Allopatric divergence limits cheating range and alters genetic requirements for a cooperative trait

Kaitlin A. Schaal, Yuen-Tsu Nicco Yu, Marie Vasse & Gregory J. Velicer
Social and genomic context may constrain the fates of mutations in cooperation genes. While some mechanisms limiting cheaters evolve in the presence of cheating, here we ask whether cheater resistance can evolve latently even in environments where cooperation is not expressed and cheaters are absent. The bacterium Myxococcus xanthus undergoes cooperative multicellular development upon starvation, but developmentally defective cheaters can outcompete cooperators within mixed groups. Using natural isolates and an obligate cheater disrupted at the...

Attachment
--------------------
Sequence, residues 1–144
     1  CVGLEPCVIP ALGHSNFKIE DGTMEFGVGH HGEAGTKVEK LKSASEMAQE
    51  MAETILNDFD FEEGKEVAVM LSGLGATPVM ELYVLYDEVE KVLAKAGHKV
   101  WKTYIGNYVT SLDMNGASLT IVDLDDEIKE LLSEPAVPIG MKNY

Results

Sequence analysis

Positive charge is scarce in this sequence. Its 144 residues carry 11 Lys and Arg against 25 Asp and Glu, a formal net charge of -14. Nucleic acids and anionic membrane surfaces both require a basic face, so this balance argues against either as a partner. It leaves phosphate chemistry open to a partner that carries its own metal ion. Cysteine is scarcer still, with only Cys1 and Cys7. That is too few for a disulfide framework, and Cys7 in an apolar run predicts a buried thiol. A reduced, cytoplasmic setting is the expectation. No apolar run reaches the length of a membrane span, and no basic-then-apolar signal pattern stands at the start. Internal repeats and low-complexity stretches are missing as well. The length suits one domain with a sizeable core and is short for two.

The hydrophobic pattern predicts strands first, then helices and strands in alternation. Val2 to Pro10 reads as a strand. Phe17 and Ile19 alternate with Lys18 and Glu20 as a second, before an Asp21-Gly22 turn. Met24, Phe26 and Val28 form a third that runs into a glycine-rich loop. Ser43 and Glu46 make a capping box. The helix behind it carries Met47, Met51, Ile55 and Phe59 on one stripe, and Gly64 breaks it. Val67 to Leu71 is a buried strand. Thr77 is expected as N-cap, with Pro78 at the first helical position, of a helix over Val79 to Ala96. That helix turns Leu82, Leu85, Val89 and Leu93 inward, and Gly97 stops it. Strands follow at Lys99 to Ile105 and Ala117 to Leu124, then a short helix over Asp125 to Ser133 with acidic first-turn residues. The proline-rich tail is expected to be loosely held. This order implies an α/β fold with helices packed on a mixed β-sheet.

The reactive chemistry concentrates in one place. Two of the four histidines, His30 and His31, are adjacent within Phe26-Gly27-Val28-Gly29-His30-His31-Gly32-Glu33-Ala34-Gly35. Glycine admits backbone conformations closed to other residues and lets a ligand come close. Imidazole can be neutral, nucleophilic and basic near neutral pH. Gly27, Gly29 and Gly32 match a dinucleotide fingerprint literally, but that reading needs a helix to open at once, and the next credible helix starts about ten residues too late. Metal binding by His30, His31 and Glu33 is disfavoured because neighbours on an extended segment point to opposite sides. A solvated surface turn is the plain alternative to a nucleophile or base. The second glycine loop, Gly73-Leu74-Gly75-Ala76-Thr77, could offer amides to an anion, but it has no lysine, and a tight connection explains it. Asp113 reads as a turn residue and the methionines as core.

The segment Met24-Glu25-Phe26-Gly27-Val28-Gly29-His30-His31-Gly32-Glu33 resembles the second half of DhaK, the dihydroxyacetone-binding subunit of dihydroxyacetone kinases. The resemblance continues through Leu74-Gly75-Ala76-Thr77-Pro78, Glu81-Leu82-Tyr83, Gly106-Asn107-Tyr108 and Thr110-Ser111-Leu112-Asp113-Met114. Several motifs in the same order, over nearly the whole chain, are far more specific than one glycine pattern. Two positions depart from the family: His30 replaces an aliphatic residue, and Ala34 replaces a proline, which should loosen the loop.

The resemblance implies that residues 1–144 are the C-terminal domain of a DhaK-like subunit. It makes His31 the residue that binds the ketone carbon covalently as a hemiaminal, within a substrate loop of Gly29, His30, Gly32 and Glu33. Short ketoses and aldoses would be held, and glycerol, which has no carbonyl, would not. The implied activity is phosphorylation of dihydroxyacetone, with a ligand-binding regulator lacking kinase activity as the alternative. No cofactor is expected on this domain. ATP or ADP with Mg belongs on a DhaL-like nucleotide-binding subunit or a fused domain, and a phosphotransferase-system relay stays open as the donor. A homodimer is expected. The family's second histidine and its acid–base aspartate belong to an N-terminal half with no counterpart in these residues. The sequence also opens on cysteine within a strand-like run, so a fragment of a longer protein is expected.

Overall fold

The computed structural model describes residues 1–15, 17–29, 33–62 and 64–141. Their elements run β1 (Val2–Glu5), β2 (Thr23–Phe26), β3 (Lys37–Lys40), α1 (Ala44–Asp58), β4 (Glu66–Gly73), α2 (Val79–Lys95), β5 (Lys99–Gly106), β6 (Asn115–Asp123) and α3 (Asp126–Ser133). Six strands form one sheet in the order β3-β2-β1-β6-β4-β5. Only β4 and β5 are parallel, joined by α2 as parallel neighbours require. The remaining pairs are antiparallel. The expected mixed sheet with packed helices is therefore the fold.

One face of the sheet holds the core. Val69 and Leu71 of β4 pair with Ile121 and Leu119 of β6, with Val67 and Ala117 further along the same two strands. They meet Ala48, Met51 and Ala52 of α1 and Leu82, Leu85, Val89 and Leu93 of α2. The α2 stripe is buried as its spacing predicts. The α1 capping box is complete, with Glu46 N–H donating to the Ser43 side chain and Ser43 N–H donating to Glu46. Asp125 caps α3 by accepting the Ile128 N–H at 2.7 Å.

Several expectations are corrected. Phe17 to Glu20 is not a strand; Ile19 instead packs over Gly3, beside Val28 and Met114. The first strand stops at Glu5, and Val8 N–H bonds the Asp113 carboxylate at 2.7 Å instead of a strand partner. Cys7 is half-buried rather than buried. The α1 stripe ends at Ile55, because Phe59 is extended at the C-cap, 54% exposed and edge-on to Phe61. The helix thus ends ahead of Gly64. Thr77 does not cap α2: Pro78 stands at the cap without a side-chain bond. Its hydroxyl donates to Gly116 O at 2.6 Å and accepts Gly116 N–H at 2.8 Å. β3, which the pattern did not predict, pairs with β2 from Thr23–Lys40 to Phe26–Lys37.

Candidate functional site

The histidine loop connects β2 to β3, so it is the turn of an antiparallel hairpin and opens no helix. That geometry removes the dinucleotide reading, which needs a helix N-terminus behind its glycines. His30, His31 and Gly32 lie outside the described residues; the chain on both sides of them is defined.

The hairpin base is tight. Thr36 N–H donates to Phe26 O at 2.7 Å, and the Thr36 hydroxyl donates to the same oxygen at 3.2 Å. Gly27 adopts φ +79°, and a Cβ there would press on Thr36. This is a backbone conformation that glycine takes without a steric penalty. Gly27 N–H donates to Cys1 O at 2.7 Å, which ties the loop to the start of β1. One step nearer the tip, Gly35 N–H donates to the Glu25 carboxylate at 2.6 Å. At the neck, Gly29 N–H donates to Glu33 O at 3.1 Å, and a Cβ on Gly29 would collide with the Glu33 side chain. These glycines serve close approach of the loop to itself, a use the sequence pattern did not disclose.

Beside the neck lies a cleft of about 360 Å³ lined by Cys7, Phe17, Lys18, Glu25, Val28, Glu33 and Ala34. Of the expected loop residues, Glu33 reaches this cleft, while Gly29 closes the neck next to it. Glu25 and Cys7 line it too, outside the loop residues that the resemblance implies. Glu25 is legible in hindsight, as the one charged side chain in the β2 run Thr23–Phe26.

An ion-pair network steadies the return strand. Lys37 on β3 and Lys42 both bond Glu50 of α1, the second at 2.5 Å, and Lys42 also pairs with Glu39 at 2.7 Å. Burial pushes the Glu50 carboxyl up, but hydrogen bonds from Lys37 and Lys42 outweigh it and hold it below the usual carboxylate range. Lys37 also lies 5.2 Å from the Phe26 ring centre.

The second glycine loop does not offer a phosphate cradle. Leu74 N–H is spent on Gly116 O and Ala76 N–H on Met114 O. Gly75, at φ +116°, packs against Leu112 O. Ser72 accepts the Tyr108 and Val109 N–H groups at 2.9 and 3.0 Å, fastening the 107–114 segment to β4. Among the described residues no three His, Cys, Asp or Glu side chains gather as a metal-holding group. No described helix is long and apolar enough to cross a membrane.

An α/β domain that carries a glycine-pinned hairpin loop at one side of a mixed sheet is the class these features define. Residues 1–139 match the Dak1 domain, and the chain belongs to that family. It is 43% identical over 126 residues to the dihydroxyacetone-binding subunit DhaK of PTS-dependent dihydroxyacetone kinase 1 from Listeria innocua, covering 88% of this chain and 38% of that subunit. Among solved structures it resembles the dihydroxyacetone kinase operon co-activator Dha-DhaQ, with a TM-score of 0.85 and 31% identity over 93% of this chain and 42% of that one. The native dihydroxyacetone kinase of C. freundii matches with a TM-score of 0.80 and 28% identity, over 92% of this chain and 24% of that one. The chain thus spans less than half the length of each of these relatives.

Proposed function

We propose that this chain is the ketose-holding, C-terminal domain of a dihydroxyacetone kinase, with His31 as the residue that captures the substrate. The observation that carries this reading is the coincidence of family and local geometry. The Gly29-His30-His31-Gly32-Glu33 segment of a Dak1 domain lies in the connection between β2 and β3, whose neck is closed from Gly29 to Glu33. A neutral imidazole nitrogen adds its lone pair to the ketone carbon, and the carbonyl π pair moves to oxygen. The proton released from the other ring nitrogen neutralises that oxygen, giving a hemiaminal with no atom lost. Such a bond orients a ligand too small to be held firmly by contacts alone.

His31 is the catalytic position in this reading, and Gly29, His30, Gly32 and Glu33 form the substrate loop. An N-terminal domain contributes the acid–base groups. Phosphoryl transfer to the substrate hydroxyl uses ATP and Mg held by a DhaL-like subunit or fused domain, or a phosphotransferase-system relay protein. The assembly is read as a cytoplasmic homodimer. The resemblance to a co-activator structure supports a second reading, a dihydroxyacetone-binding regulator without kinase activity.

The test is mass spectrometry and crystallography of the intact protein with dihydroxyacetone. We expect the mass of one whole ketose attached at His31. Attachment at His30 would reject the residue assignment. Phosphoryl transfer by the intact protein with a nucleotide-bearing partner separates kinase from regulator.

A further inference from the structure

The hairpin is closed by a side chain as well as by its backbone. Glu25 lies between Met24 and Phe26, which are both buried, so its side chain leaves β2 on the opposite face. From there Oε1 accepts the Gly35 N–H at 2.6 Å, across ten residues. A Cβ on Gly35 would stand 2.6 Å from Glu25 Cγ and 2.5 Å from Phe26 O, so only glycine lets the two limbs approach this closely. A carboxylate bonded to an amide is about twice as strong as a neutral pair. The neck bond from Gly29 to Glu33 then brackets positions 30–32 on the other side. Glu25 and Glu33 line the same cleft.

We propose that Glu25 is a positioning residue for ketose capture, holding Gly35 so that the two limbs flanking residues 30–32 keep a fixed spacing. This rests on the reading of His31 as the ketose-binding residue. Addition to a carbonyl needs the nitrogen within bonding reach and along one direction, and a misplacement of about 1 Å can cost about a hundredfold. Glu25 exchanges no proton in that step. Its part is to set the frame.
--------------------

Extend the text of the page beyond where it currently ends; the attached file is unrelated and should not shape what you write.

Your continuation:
Data from: Mate availability determines use of alternative reproductive phenotypes in hermaphrodites

Anja Felmy, Nora Weissert & Jukka Jokela
In many species individuals can employ alternative reproductive phenotypes, with profound consequences for individual fitness and population dynamics. This is particularly relevant for self-compatible hermaphrodites, which have exceptionally many reproductive options. Here we investigated the occurrence of reproductive phenotypes in the simultaneously hermaphroditic freshwater snail Radix balthica under experimentally simulated conditions of low vs. moderate population density. We captured all mating behavior on camera and measured individual female lifetime reproductive success. We found every possible...

Data from: Foundation species promote local adaptation and fine-scale distribution of herbaceous plants

Michael O'Brien, Elisa Carbonell, Gianalberto Losapio, Philipp Schlüter & Christian Schöb